CA tax increases fund unaccountable spending machine

Nov. 20, 2012

By Mark Landsbaum

On Nov. 6, Californians voted to raise taxes, but weren’t told the whole story. They repeatedly were told their state government was frugal to the point of pain, yet still in dire need of more tax money.

They were not told nearly as often that California state government spending has swollen like an infected boil, even as those doing the spending plead poverty.

If voters had been more aware of the full scope of the state’s spending spree, would the tax increases have had a chance? Or did they give the government the benefit of the doubt and swallow the line about trusted public servants with barely enough cash to scrape by?

The $6 billion a year tax from Gov. Jerry Brown’s Proposition 30 will increase income taxes substantially for people earning more than $250,000 a year, and increase the nation’s highest state sales tax by another quarter cent.

The entire justification for tax increases was that the state government has in good faith made deep spending cuts, reducing general fund expenditures from a high of $102 billion in fiscal 2007-08 to a mere $91.3 billion in 2012-13. Frugality, the reasoning goes, deserves to be rewarded by giving Sacramento more money to spend.

But how frugal is state government, really? And how aware of that is the public?

The $91.3 billion spent in the general fund is only part of the story. There is another $39.4 billion spent on “special funds,” ostensibly for dedicated purposes such as harbors and watercraft and beverage container recycling. Special fund spending has more than doubled in 10 years. It increased 116 percent during that period, while general fund spending increased 18 percent. That is hardly a picture of frugality. How much did voters hear about that before casting ballots?

Special funds receive far less scrutiny than the general fund, so much so that nearly $54 million in two Department of Parks and Recreation special funds was discovered after having “been deliberately hidden from the governor’s budget office,” AP reported. On top of that, the state controller’s office and the Department of Finance separately tallied the special funds and came up with totals $2.3 billion apart. Who is watching the store?

Had the press devoted as many column inches and televised minutes to Sacramento’s profligate spending and untrustworthy accounting, would voters have been as willing to increase their taxes? How different might it have been if campaign advertising had stressed the imprudence of turning over more money to a state government that purposely hides millions in secret accounts, and apparently can’t even accurately add up billions in special funds in a way that balances the books?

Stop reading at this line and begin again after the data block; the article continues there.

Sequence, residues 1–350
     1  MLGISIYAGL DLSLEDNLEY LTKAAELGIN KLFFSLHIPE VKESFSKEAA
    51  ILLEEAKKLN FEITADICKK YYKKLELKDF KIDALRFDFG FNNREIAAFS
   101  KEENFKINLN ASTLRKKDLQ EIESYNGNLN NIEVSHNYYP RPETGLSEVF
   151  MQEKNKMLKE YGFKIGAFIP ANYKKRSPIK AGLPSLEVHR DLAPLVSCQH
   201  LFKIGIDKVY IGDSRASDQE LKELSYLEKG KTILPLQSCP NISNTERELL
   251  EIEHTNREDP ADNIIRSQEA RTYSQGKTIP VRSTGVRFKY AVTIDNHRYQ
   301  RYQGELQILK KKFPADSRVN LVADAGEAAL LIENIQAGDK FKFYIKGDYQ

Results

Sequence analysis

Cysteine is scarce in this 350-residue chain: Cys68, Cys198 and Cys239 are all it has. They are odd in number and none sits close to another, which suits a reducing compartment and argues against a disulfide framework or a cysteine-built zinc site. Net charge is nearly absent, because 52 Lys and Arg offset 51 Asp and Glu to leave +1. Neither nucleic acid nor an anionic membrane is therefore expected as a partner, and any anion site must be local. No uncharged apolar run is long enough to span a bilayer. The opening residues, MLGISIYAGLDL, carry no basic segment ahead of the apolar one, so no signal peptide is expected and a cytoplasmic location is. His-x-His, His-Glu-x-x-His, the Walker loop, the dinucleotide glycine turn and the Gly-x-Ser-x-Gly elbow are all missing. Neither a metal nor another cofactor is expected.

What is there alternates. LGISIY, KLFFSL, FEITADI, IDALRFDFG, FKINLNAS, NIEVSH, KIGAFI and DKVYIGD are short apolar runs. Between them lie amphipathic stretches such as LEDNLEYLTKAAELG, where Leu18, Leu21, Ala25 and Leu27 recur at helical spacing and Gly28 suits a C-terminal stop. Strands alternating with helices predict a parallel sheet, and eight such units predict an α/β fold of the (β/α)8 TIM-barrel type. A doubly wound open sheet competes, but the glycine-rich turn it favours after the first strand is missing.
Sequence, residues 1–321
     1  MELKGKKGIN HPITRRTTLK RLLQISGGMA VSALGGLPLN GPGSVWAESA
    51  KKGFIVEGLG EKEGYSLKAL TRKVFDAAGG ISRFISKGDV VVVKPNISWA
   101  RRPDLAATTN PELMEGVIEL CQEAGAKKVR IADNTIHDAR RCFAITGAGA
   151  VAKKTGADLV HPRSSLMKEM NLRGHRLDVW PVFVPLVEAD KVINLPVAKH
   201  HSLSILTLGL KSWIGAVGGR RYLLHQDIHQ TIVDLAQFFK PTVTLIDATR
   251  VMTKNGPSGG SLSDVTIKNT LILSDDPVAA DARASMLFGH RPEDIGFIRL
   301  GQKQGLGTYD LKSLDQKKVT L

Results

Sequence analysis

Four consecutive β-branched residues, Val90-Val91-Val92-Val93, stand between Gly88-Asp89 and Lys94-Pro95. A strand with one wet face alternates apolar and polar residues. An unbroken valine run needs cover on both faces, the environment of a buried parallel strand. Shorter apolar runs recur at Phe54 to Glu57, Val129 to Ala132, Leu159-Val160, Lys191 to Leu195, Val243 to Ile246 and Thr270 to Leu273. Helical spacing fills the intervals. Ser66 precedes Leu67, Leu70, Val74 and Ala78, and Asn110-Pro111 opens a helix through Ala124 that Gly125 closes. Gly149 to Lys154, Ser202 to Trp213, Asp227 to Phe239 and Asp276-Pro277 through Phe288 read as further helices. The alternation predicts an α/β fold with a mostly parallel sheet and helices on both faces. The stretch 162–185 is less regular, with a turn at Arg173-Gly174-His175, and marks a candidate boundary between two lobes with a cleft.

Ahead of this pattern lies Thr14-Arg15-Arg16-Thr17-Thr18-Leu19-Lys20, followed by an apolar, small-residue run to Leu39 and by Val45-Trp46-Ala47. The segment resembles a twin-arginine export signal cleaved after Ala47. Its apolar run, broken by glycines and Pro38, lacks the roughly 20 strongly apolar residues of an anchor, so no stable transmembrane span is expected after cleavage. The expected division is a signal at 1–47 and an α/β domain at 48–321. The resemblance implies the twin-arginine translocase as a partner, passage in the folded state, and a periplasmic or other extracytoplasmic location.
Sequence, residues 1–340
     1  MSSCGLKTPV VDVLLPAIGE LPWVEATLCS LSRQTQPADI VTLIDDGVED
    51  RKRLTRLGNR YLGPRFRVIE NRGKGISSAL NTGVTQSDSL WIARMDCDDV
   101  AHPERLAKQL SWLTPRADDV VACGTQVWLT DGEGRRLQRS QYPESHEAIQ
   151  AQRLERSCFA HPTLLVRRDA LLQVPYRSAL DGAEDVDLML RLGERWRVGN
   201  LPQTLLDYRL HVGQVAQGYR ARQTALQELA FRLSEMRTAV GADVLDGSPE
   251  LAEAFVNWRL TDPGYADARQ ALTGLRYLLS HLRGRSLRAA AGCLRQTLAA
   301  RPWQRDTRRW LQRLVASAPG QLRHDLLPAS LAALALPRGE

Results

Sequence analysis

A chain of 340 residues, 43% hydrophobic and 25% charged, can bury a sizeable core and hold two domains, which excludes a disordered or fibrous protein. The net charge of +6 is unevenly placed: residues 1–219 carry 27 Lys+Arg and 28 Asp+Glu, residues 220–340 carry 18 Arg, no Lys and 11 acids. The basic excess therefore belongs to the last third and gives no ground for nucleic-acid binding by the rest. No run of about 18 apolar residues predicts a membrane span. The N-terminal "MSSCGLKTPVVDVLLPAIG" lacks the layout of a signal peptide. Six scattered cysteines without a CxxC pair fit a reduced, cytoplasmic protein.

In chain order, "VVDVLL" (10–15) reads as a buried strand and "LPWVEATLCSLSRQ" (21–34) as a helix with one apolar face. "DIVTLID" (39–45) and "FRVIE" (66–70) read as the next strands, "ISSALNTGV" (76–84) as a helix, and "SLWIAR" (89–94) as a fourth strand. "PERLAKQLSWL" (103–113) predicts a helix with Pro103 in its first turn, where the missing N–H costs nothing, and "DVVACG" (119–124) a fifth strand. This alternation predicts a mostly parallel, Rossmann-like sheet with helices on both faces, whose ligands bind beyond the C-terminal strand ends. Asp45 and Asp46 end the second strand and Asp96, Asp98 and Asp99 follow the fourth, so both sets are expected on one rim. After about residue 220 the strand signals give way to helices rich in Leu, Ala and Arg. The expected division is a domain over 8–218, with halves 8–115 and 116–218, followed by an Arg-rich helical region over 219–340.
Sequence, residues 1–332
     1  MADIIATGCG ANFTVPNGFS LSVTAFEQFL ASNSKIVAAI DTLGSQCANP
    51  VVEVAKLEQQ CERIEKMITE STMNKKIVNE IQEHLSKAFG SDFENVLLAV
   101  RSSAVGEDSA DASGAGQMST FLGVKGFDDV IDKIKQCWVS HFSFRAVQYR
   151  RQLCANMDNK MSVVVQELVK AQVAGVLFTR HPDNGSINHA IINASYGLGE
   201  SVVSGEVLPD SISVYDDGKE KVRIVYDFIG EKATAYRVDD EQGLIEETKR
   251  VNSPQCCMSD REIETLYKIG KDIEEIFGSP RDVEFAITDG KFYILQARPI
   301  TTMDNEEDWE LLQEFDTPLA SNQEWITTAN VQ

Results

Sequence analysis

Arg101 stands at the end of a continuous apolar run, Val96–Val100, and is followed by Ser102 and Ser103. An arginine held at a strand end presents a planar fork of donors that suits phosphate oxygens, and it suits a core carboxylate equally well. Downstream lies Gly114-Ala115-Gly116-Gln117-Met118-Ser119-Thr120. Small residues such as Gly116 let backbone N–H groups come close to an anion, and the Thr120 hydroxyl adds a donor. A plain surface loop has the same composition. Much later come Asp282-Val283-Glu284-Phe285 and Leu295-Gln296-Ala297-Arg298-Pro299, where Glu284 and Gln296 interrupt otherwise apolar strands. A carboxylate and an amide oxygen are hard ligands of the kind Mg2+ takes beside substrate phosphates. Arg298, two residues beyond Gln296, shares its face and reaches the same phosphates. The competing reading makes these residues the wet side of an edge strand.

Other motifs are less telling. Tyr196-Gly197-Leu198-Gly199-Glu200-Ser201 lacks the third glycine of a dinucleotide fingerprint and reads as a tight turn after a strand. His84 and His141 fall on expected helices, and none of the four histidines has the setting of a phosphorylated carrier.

We are assured, of course, that the state has top people sorting all this out and the 570 special funds that are set apart from the general fund will be more accountable and transparent in the future. But the balloting is over and the higher taxes are approved.

No system

“The Department of Finance presently has no system in place to track how approximately $3.7 billion in special funds are spent by various state departments and agencies,” the California Budget
Fact Check reported over the summer.  The California Legislative Analyst also complained that Legislators “must be able to rely on the accuracy” of budget documents, the implication being they could not.

Former Republican state Sen. Ray Haynes described the special funds as “basically slush funds for the bureaucracy to play with. “Elected and appointed politicians are too lazy, too stupid, or too busy to look into these funds, and the permanent bureaucracy counts on this to avoid scrutiny of how they spend the money in these funds. State government doesn’t need more money, it needs political leaders who will do their job of controlling the bureaucracy, rather than being an apologist for it.”

Spending problem

This is an echo of former Gov. Arnold Schwarzenegger’s laudable proclamation that California doesn’t have a revenue problem, it has a spending problem. That was before Schwarzenegger flip-flopped on that concept and dipped into special funds to “borrow” $350 million to create a one-time spending benefit for the general fund in 2009. He took cash from five special funds supposedly restricted to dedicated purposes, which demonstrated how fungible cash is once it’s deposited in any government account.